A week ago, they held a series of virtual events around COP26, the United Nations Climate Change Conference, bringing together global-education leaders from around the world to talk about how the field can respond to pressing needs around sustainability and climate change. Lamont told me she was heartened by the progress but acknowledged it wasn’t always easy:
“In international education, we’ve seen ourselves as the good guys, but hang on, there’s a cost to what we do.”
I sat in on one of the leadership forums, and afterward, I caught up with Lamont to talk about strategies for moving the ball and the challenges to making change:
International educators appreciate the opportunity to exchange ideas and approaches. Peer examples help them advocate for change within their own institutions. “It gives them permission to go that much faster,” Lamont said.
It also can be helpful when professional organizations put out frameworks for action. The Forum on Education Abroad released a set of guidelines for how study-abroad programs can advance UN Sustainable Development Goals (more below). CANIE has drafted a set of principles for environmentally sustainable international education, and participants felt they could be even stronger and more ambitious.
Lamont said a priority for CANIE will be to put together training sessions for those who want to implement more climate-conscious practices.
International offices often don’t know what their current climate impact is. When CANIE surveyed participants during one of the sessions, 75 percent said they didn’t know the emissions associated with their area of work. In a second session, six in 10 had no idea.
Being able to measure what you do helps international programs make more environmentally sustainable choices, Lamont said. She pointed to an American study-abroad provider that switched its housing in Ireland to an accommodation that used 100-percent renewable energy, saving the equivalent of six trans-Atlantic flights.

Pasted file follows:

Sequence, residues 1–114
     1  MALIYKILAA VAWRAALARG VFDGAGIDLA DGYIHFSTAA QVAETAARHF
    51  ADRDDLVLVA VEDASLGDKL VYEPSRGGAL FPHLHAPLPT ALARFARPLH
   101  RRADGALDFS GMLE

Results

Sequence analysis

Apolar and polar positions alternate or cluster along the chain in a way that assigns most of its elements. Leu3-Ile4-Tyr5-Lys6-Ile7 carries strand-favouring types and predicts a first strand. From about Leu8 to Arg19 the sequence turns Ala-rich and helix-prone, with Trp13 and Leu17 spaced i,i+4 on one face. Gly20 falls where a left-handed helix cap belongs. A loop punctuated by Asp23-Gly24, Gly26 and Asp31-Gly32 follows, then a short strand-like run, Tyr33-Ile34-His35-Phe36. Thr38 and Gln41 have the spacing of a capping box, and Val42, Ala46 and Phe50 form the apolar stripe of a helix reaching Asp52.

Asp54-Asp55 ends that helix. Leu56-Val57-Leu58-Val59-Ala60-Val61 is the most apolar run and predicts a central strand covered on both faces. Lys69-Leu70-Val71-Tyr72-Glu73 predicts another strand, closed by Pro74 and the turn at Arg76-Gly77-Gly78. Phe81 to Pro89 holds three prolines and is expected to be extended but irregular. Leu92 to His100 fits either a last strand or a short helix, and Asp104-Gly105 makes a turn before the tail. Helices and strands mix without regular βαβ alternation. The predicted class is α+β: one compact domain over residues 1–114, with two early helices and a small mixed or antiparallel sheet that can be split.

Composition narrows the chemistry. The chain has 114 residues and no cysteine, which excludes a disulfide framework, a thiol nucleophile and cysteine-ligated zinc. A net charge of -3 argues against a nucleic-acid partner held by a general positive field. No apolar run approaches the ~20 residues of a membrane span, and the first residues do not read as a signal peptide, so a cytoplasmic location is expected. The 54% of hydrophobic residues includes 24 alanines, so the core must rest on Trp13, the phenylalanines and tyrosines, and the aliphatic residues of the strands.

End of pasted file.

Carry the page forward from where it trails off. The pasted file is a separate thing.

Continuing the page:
The pandemic helped accelerate change… With international travel grounded, colleges turned to online international-student recruitment and virtual exchanges. Such approaches won’t replace travel, but in the future, international offices may be quicker to ask what needs to be face to face and what can be done online. It’s not about stopping mobility but doing it in a smarter, more sustainable way, Lamont said.
…but change still isn’t happening fast enough. The issue of climate change has moved from the periphery to mainstream discussion within international education, but at the same time, the crisis is worsening, Lamont said. “We’re not at the point where the sector realizes it’s an emergency.”
She told the story of an international-education staffer who joined a campuswide sustainability committee without invitation, believing it was important for the her office to be at the table for such work. “We cannot wait to ask for permission,” Lamont said.
The Forum on Education Abroad released its SDG guidelines
a few months ago, and they’ve quickly become one of the group’s most popular resources, said Melissa Torres, the Forum’s executive director.
To have a long-term impact, colleges and providers need to think not just about their environmental footprint but how sustainability can feed into their educational mission — that is, how can sustainability be part of the learning goals of their overseas programs. Torres said it could take the form of connecting students with community groups and sustainability initiatives while abroad as well as part of re-entry programming.